I started feeling better Sunday night, and when I woke up on Monday, I was markedly improved. Sinus was clear (although my ears were still scabby and crusty. Yes, they become filled with pus when I pick the scabs), cough was mostly gone (one or two hard coughs every few hours), and better yet, I had more energy than I’ve had in the last month. I didn’t feel like death warmed over, and I actually looked forward to going to taiji. More to the point, I had enough energy to propel myself out of the car.
It’s difficult, though, because I don’t like leaving the house in general. It’s my low-level depression that makes it twice as hard for me to get in the car and drive. My BFF and I have talked about how fucked up it is that we’d set up a date to go out dancing. We did that maybe once a month, which isn’t a big ask, really. Both of us would spend the whole day psyching ourselves up to go out and begrudgingly get dressed. I’d leave the house, feeling extremely reluctant to go. I’d reach my BFF’s house, and she wouldn’t be dressed yet.
Side note: We have a running joke about her being perennially late. Like other issues in our friendship, once we hashed it out, it was fine. I just mentally added twenty minutes to a half hour to whatever the start time was supposed to be, and it worked out. Funnily enough, one time, she was supposed to pick me up at my house at, say, eight. That meant I’d change around eight-fifteen. The doorbell rang at eight, and I exclaimed, “You’re early!” She said, “We said eight, right?”
We’d chat while she decided what to wear. She often roped her husband into the process (if he was there) because he had a sharp eye for fashion.
Another side note: We were shoe shopping once, and I was griping about my wide feet and how shoes looked so bad on them. She said she once asked her husband if a pair of shoes made her feet look big. He said, “_____, no guy has every looked at a woman and said, ‘Damn, she’s fine, but those feet are too fucking big!'” I laughed, but the message has stuck with me, even though that was probably twenty years ago.
We’d smoke a cigarette on her porch before reluctantly leaving. Once we hit the club or restaurant or whatever, we thoroughly enjoyed ourselves, but it took a lot of wherewithal to get there in the first place.
It’s the depression. When it was chronic and really bad, I could barely make myself brush my teeth, let alone leave the house. Now that I ‘only’ experience low-level depression, I can make myself do the things I need to do outside the house. However, I don’t have an office job, so I don’t have to drive every. That’s another thing. I hate driving, and I’m terrible at it. There are many reasons for that, but suffice to say, it makes it easier for me to cancel on outings whenever possible.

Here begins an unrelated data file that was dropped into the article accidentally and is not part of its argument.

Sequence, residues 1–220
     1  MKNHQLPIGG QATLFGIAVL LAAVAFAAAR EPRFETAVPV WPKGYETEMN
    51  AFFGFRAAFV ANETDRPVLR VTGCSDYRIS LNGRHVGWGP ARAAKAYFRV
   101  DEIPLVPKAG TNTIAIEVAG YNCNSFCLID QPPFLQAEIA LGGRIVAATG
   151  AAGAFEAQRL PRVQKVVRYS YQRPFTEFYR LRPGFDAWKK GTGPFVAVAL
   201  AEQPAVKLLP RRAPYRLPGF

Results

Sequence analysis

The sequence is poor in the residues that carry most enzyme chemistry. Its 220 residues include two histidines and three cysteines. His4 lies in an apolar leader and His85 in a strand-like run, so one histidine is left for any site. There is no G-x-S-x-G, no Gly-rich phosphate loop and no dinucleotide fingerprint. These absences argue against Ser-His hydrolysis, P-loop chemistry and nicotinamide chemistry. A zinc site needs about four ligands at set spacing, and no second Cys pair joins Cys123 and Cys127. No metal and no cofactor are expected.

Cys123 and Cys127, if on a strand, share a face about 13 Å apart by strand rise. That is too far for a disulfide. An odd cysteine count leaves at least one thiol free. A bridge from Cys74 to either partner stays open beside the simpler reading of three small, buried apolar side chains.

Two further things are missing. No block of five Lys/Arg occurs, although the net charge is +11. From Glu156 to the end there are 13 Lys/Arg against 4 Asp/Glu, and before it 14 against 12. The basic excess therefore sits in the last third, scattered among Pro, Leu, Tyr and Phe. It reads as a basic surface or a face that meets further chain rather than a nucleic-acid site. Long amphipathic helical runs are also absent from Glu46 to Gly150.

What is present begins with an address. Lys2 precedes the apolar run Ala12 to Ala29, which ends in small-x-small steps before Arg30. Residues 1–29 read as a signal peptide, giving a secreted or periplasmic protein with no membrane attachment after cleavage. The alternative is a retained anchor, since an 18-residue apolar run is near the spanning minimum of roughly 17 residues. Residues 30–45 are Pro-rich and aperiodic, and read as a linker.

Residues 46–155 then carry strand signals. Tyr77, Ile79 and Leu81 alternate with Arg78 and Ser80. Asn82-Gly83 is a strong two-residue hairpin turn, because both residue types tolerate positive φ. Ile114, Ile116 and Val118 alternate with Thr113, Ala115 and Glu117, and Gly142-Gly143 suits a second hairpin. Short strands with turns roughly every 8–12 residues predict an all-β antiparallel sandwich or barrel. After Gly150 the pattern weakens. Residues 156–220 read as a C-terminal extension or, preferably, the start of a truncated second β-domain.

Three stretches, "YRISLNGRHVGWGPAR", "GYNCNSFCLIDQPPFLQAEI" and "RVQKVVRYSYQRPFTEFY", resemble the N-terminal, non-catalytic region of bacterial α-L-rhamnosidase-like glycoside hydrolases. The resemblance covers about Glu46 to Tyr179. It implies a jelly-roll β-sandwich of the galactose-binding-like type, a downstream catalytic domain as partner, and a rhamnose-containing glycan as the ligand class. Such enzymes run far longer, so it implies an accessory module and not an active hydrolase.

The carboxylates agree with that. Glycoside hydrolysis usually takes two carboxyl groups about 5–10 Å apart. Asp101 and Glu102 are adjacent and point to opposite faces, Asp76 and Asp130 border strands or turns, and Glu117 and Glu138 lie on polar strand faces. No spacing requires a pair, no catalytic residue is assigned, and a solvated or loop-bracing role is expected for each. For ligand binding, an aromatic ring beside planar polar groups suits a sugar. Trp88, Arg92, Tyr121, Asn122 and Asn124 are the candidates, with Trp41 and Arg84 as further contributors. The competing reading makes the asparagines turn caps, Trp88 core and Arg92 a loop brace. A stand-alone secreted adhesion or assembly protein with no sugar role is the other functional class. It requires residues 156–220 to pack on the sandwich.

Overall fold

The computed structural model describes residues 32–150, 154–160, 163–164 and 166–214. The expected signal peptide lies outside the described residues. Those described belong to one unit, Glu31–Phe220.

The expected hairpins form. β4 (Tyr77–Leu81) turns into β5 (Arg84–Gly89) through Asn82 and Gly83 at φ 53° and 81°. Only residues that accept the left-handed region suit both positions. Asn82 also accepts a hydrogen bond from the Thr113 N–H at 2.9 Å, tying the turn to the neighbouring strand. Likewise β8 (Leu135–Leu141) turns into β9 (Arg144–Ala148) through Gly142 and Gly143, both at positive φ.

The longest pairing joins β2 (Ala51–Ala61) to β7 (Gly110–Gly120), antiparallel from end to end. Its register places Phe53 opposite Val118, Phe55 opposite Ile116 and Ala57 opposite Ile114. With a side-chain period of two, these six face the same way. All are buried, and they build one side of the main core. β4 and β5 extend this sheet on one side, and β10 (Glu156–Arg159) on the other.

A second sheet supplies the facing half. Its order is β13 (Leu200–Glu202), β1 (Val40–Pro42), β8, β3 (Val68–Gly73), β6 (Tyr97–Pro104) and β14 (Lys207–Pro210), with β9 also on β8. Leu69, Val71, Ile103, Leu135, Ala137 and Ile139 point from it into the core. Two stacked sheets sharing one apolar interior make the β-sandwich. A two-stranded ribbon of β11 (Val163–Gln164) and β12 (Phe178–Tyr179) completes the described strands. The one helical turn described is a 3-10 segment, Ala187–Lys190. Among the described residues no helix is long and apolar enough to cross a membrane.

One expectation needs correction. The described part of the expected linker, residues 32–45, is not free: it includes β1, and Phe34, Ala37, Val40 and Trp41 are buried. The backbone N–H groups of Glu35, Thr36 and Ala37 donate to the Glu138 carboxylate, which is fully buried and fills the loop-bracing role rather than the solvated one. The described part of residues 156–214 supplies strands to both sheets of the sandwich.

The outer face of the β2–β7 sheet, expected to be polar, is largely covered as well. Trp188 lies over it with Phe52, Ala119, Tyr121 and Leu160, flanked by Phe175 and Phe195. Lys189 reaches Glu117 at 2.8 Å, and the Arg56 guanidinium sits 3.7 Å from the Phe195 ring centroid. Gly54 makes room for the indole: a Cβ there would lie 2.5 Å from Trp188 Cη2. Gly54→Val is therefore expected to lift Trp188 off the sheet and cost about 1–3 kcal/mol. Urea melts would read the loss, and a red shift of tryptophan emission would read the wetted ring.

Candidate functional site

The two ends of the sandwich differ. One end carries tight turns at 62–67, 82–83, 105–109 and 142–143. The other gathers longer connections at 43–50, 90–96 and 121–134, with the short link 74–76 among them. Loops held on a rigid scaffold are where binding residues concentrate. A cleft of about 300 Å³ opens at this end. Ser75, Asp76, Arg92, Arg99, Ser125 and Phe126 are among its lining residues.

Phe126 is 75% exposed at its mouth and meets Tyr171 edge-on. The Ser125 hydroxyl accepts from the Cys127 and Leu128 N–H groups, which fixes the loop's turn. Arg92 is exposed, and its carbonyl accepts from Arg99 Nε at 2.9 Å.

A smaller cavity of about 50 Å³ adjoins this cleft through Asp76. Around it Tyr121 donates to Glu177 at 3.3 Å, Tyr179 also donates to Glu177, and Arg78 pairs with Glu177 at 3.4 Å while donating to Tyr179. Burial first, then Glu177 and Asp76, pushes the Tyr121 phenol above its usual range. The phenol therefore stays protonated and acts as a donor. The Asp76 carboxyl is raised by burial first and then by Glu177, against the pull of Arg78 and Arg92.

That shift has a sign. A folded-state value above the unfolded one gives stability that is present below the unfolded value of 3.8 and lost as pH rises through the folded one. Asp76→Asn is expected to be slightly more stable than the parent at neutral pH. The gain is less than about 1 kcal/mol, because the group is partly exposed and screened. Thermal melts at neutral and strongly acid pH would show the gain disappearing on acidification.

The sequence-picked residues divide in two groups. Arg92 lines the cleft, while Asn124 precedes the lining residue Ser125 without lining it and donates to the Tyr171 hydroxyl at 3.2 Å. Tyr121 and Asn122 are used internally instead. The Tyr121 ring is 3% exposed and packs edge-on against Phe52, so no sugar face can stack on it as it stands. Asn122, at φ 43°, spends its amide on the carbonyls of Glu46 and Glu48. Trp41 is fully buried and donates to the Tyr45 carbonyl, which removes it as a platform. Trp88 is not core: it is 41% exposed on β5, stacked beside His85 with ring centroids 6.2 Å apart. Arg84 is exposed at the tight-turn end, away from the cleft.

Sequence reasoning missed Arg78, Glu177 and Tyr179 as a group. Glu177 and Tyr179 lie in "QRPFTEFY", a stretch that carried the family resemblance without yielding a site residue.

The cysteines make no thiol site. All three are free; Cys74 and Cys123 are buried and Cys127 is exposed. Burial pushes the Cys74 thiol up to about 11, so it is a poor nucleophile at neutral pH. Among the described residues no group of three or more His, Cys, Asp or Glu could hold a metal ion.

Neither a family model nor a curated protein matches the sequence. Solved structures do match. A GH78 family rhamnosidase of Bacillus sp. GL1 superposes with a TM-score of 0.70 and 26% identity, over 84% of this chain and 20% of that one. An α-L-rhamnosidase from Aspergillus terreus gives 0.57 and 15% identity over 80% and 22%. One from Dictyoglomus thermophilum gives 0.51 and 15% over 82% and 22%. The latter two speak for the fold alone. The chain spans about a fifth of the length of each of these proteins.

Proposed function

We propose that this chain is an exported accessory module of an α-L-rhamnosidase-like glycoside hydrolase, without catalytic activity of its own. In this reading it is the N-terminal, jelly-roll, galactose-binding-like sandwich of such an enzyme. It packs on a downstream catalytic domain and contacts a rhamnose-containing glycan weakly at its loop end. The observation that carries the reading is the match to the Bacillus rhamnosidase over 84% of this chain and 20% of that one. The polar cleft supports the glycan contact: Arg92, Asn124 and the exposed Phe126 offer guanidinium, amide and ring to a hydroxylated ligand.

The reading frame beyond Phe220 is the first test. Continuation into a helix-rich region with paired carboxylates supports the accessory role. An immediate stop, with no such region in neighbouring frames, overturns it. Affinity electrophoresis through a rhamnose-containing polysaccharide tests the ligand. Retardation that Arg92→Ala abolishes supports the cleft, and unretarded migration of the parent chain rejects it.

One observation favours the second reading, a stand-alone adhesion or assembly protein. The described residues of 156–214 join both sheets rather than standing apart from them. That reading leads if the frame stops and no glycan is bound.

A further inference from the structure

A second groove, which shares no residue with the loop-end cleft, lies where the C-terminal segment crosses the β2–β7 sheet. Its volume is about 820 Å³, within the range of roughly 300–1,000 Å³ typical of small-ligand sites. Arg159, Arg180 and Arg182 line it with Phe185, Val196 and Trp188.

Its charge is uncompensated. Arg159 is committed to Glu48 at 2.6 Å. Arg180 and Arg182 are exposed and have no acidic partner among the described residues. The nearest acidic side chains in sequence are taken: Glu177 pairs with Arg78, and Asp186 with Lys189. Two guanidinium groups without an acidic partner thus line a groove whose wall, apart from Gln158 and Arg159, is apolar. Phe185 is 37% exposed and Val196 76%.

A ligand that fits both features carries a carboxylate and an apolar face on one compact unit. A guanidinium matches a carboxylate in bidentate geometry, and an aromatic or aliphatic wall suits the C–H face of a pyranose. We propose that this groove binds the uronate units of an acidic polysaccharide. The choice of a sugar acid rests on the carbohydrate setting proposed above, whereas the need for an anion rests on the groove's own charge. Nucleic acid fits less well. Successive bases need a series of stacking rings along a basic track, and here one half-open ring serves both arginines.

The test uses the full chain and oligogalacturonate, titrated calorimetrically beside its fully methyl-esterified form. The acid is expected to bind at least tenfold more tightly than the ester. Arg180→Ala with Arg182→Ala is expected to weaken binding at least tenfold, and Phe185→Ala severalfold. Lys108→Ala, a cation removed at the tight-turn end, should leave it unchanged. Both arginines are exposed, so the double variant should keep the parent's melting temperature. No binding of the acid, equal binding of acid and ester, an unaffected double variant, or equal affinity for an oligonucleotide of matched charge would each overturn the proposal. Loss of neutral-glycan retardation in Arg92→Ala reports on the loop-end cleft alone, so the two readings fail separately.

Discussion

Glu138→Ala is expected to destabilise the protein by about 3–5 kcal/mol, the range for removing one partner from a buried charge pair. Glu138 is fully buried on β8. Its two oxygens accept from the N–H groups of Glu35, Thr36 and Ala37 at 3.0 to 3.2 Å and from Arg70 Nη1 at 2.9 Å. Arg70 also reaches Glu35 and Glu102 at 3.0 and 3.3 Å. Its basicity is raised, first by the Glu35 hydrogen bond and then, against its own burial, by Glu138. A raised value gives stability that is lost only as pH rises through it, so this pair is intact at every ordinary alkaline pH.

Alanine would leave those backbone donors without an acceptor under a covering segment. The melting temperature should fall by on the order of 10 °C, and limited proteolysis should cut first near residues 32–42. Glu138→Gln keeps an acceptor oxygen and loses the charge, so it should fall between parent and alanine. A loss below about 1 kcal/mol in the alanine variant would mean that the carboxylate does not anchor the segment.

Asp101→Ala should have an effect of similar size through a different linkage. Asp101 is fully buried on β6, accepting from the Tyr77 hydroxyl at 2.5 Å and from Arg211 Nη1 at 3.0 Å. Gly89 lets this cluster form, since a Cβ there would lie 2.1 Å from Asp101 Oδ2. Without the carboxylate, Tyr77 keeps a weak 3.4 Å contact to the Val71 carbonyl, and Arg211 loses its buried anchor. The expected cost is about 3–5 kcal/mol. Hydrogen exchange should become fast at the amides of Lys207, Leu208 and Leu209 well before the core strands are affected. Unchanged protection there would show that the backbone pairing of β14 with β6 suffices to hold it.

When I’m sick on top of the low-level depression, leaving the house is nigh impossible. Even going to the grocery store was a laborious chore that would exhaust me by the time I made it home.
When I woke up today feeling much better than I have in ages, I nearly burst into tears. I was so used to waking up exhausted, ears crusty, nose stuffy, and throat scratchy. I still have some ear crusts, my throat is a tad scratchy, but I can actually propel myself around without supreme effort.
I went to taiji yesterday, and the thing I wanted to focus on is that I have this pain problem. Initially, I thought it was a problem with my right leg, but I soon realized it was a most likely a back problem. and a sitting for so damn long in a bad position problem. It started about six months ago with a sudden pain flaring down my right thigh from time to time after sitting for a great length of time. It started happening more and more frequently, and sometimes the pain lingers (though not the intensity of the flare up).
I asked my taiji teacher about it, and she gave me several helpful stretches to try at home. I’ve already been doing some of them, so I’ve just started adding the others. Plus, I know i need to get up more. Sitting at the computer for such long stretches of time isn’t good for me. I’m especially concerned because my father just had surgery for three fused vertebrae (I think. My mom wasn’t especially clear on the details) that started with pain in his leg. Before the surgery, he had a hard time walking for more than a few minutes at a time, and he was in pain most of the time. He’s better and can walk without the walker for short periods of time. He was upset, however, because he thought he’d be 100% after the surgery. As he wasn’t 100% before the surgery, that was naive at best. It’s indicative of my father’s thinking, however.
Anyway, I don’t want to be him. I don’t want to have to have surgery ten years from now if I can help it. Now that I can actually move without feeling like I need a nap, I’m planning on seeing a doctor and an acupuncturist to see if I can get to the root of all my health problems. I get a cold or whatever about once a year now, and it lasts for months. I don’t want to have to do this song and dance again, and I know I won’t have the energy to deal with it the next time I’m sick.
I’m forty-seven. I’m not a spring chicken any longer (though, I’m not exactly sure what that is, anyway. Also, why don’t we say someone *is* a spring chicken?), and I know that I have to start looking at my health in the long run. I’m already dealing with some leg discomfort on a regular basis–I want to nip this in the bud while I can.